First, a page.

Rail, Tram and Bus Union representative Mick Cartwright at the Murwillumbah Railway Station on Wednesday.
Rail, Tram and Bus Union representative Mick Cartwright at the Murwillumbah Railway Station on Wednesday. Scott Powick

Two jobs to go at Murwillumbah train station

TWO customer service officers at the Murwillumbah rail station will lose their jobs, as NSW TransLink axes 56 employees across regional NSW from April 18.

Rail, Tram and Bus Union representative Mick Cartwright was at Murwillumbah today for talks between himself, a NSW Transport official, and two staffers ahead of the sackings.

“The service will be removed, there will be no-one here to assist customers in any way, not with their tickets or luggage, and that’s a real shame for a town like Murwillumbah,” Mr Cartwright said.

“Our members were paying off a house, with families, and they are upset the station is closing because it was here to serve the community.”

Murwillumbah is one of 12 stations that will go unmanned, with Byron Bay set to lose one part-time employee while Lismore will lose two part-time staffers.

Train services were cut at Murwillumbah in May 2004 and replaced with a daily coach linking passengers to the nearest rail station at Casino.

A NSW Translink spokesman confirmed it had proposed the coach stops transition to become unmanned at stations where there had been “no train services for the last 12 years”.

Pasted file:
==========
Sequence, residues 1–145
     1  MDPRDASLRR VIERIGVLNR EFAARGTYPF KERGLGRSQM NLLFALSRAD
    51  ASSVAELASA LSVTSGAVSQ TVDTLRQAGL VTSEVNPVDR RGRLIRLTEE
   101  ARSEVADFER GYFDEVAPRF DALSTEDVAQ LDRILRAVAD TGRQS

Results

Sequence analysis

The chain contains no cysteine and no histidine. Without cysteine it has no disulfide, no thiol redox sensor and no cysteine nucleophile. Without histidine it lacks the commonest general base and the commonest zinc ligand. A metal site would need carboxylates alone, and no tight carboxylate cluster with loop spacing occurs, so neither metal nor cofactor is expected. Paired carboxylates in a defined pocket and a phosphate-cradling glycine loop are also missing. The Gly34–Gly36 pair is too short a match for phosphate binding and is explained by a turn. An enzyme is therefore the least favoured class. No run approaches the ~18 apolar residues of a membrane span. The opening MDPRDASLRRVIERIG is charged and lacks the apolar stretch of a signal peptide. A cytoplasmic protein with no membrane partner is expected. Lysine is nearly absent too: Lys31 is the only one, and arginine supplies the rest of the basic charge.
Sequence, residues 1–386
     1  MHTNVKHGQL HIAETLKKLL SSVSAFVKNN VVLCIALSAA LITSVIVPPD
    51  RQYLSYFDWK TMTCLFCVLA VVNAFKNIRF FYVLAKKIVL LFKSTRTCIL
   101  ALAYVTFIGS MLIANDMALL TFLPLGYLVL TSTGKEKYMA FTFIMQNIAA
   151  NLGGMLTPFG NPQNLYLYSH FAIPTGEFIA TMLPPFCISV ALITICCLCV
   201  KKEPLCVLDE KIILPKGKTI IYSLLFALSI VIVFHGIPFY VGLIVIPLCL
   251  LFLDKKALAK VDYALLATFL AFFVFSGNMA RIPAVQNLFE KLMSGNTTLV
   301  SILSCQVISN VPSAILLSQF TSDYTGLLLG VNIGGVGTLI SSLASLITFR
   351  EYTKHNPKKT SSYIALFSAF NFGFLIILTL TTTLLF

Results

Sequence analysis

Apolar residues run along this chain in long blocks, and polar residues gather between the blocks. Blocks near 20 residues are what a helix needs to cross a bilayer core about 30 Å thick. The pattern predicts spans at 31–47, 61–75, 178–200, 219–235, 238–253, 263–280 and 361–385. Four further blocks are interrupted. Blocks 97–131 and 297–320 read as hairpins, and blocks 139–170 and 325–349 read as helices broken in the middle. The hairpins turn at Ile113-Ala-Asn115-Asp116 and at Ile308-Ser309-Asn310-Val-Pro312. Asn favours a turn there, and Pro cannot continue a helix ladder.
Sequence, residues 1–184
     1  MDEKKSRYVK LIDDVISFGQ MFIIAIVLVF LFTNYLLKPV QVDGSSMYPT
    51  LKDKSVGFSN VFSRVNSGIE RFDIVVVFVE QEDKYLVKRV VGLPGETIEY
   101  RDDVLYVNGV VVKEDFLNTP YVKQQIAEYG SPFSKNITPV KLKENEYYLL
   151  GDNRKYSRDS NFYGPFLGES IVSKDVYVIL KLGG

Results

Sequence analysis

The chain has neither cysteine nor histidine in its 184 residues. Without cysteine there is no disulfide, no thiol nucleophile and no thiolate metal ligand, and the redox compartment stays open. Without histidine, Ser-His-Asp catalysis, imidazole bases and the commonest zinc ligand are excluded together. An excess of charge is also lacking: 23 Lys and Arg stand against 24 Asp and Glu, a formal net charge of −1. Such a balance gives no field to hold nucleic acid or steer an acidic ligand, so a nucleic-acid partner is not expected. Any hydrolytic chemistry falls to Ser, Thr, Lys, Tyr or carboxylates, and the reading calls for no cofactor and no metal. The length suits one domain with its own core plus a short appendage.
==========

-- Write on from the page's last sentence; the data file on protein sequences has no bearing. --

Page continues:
Another 19 stations will be be forced to operate with fewer staff and shorter opening hours.

The move follows a business review which established an overall decline in patronage of bus coach services and poor face-to-face ticket sales for trains and buses in regional NSW.

But RailCorp chief executive Rob Mason said there was an uptake of online bookings over the last six years so the operator was investing in new technology.

“It’s important we modernise our business to keep pace with changes in the travel industry and to meet customer demand for online and phone booking services,” Mr Mason said.

Employees will be replaced by live online chat, online booking systems and mobile phone journey planning apps, with 23 part-time jobs created to carry out those services.

Printed tickets will be replaced with an electronic ticket from mobile devices.

No changes are expected to take place before April 18 and there will be no changes to train and coach services as a result of the review.

NSW TrainLink has 67 stations in regional NSW and more than half of the stations are unmanned.



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